If You Do Not Know Something – Seek The Proper Consulting Advice

Many entrepreneurs that do not know or understand something regarding the venture funding process often do not take the time to seek out the proper consulting advice.  Instead they ask their friends or other individuals that have never been through the venture funding process before.  Doing this will ultimately limit the potential for success of your start-up company.  Instead, you, as an entrepreneur and the CEO of your company, have a fiduciary responsibility to your start-up company to seek out the best advice you can find.  This in many cases will require you to spend a bit of money to hire a consultant to review your business plan and provide you with expert advice on how to move forward. By investing in competent consulting advice early, this will save you from “big” headaches and problems down the road. 


Entrepreneurs often look to secure “free” advice from individuals without the proper track records in venture funding.  This “pro bono” advice, like anything “free” in life, will usually not end up being worth much to you as a first time entrepreneur.  Often these same individuals have not taken the time or effort to properly review your company’s business plan, have not ever started a company, or have never even raised venture capital.  This same “pro bono” advice can ultimately hurt your start-up company in the long term.  Remember it is better to invest in your own start-up early, by securing the appropriate consulting advice, to ensure you are on the right path forward.  By not doing so will cost you more time and money down the road. Remember making a mistake, early in the development of your start-up can ultimately cause your company to fail.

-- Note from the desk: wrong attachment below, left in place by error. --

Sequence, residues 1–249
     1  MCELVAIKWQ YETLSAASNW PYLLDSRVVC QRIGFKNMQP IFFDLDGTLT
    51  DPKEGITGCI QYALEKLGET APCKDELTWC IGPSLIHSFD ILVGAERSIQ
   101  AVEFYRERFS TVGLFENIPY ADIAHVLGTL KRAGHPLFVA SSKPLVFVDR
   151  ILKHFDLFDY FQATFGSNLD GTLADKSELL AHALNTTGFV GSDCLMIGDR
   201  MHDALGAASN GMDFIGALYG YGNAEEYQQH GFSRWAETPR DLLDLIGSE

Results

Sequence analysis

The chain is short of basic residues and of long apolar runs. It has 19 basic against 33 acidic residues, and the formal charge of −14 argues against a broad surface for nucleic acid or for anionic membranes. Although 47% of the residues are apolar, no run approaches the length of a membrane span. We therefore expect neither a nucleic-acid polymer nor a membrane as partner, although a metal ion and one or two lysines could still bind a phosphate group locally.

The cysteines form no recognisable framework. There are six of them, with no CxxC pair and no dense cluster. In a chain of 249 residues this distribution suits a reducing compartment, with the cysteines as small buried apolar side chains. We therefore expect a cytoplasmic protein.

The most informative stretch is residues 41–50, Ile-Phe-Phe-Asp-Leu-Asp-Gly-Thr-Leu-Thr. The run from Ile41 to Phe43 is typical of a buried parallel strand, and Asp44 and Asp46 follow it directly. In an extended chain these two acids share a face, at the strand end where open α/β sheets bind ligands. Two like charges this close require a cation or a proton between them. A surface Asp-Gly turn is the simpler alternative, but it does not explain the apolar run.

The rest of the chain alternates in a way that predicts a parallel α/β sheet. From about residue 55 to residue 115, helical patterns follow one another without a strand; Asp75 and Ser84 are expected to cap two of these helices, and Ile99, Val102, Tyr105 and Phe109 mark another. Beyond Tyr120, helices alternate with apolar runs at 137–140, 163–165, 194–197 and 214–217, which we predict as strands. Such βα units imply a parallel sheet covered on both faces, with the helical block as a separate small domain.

Invest in Yourself and Your Company

Invest in your own start-up company early.  Venture capitalists do not want to fund your start-up company only with their own money. This may be appropriate for “friends and family” funding, but is it definitely not appropriate for third party professional investors.  Hence, venture capitalists or other third party investors want to see that you, as a first time entrepreneur, believe in your start-up company and its vision.  To do this, as an entrepreneur, you have some “skin in the game”.  In this case, venture capitalists are looking to see that you have invested your own “hard cash” in your start-up, and not just your time and effort.  So, if you believe in your start-up company, there is precedence to having invested your own money in your company.  If you do not, third party investors will most likely not want invest in your start-up company either.

As outlined, by doing the hard work, study and due diligence to be a successful entrepreneur, you will avoid the “blind” entrepreneur path.  This, along with seeking the appropriate consulting advice and investing in yourself and your start-up company will more likely provide you, as a first time entrepreneur, with a successful path forward in your venture capital fund raising efforts.

April 6, 2009 - Posted by | Venture Capital

1 Comment »

  1. Great Guidance

    Dear Human Brother!!!

    I appreciate your kind Endeavour

    Comment by Bhaveshkumar J. Bati | May 2, 2009 | Reply

Leave a Reply to Bhaveshkumar J. Bati Cancel reply